Online from: 1966
Subject Area: Library and Information Studies
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|Title:||Evaluating search engines: A comparative study between international and Greek SE by Greek librarians|
|Author(s):||Emmanouel Garoufallou, (Department of Library Science and Information Systems, Alexander Technological Educational Institution (ATEI), Thessaloniki, Greece)|
|Citation:||Emmanouel Garoufallou, (2012) "Evaluating search engines: A comparative study between international and Greek SE by Greek librarians", Program: electronic library and information systems, Vol. 46 Iss: 2, pp.182 - 198|
|Keywords:||Evaluation, Greece, Greek librarians, Information retrieval systems, Search engines, User evaluation, World Wide Web|
|Article type:||Research paper|
|DOI:||10.1108/00330331211221837 (Permanent URL)|
|Publisher:||Emerald Group Publishing Limited|
|Acknowledgements:||Thanks go to the Deltos Researchers (www.deltos.org), Professor Dick Hartley, Lawraine Wood and Stella Asderi for their insightful comments and help. This article is dedicated to the memory of Dr Efthimis Efthimiadis, Associate Professor at the iSchool, the University of Washington.|
Purpose – The use of search engines is the most widely acceptable way for information foraging on the net. Their wide use as an information retrieval tool has created the need for their evaluation as a means of improving their performance. This research attempts to record Greek librarians' views on search engines: their performance and characteristics.
Design/methodology/approach – A total of 16 librarians were asked to search for a specific topic using eight search engines; four international (google.com, altavista.com, yahoo.com, exalead.com) and four Greek (google.gr (searching only for Greek text), in.gr, robby.gr, find.gr). Eight questionnaires were completed by each participant; one for every search engine. A total of 128 initial searches were performed by the librarians, followed by 86 further searches with changed search terms. The librarians recorded their experiences in retrieving information and evaluated the first 20 results according to the criteria of precision, relevancy of the retrieved records and the way the results were displayed by each search tool.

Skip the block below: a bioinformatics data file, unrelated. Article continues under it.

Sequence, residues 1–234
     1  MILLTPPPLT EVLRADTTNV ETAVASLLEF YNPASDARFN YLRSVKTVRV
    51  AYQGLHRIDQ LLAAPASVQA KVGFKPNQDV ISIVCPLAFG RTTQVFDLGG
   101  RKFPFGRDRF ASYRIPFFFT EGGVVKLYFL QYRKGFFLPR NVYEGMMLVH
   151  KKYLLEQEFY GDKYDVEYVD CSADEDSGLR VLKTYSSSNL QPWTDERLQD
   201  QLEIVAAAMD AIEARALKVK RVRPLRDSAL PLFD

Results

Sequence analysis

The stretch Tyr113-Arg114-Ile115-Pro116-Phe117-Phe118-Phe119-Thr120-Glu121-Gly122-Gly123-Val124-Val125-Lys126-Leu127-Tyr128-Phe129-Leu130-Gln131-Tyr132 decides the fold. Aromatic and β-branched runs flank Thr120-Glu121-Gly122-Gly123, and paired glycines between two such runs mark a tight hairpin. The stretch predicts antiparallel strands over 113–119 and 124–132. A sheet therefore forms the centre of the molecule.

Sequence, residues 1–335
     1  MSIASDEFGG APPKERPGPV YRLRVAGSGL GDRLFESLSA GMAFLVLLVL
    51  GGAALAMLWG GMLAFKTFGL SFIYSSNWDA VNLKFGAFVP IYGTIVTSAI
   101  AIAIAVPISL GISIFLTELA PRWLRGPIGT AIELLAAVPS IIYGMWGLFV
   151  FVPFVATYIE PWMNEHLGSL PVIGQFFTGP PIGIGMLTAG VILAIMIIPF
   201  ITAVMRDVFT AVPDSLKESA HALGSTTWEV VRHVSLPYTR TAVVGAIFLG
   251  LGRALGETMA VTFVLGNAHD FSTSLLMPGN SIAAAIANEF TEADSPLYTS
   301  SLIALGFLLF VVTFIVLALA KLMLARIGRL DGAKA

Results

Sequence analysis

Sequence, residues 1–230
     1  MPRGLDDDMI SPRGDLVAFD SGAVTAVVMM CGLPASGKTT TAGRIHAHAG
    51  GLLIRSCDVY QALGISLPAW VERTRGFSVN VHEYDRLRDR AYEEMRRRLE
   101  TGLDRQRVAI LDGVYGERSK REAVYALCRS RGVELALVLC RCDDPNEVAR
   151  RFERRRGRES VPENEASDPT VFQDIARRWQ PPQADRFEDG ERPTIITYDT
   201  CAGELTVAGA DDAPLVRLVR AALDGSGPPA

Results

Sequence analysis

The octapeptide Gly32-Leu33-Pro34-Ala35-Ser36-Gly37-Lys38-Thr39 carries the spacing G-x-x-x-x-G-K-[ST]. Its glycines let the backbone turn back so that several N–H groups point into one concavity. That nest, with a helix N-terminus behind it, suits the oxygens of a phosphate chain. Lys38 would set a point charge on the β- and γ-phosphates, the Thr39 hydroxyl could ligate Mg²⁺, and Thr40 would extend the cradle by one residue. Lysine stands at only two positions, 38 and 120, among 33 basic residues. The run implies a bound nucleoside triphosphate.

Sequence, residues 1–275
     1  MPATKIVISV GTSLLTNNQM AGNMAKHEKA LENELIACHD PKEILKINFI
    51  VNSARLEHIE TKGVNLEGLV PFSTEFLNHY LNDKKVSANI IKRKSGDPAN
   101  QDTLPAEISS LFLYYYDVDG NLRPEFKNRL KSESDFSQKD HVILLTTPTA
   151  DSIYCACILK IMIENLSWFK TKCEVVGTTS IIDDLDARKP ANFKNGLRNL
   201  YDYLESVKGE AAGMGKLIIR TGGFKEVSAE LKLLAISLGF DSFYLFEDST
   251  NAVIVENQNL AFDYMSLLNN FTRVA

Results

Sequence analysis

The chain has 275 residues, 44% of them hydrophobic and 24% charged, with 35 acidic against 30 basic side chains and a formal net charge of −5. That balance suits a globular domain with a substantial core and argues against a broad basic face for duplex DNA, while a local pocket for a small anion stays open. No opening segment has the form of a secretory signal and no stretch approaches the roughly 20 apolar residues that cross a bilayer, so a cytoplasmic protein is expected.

Findings – Analysis of the results leads to conclusions about librarians' familiarity with search engines and their views on the retrieved information. The results indicated that participants were satisfied by the presentation, the visualization, the quality and value of results and they were very satisfied with the search engines' interfaces. Thus, most retrieved items were relevant and so the degree of precision was satisfactory. Users preferred mainly international search engines rather than Greek search engines. It was evident that most librarians were very satisfied with the performance of the search engines and felt that their queries had been answered successfully.
Originality/value – The paper presents one of the few studies regarding international and Greek search engines and their use by librarians. The study gathered data with regard to the views of Greek librarians on the use of search engines and their characteristics. In addition, it recorded the attitude of librarians to both the search process and subsequent information retrieval, using Greek and international search engines. It compared different search engines and studied parameters like quality, precision, presentation and value of the search results. This research could form the basis of further study of librarians' behavior in the use of search engines for satisfying their information needs and comparison of information retrieval systems.
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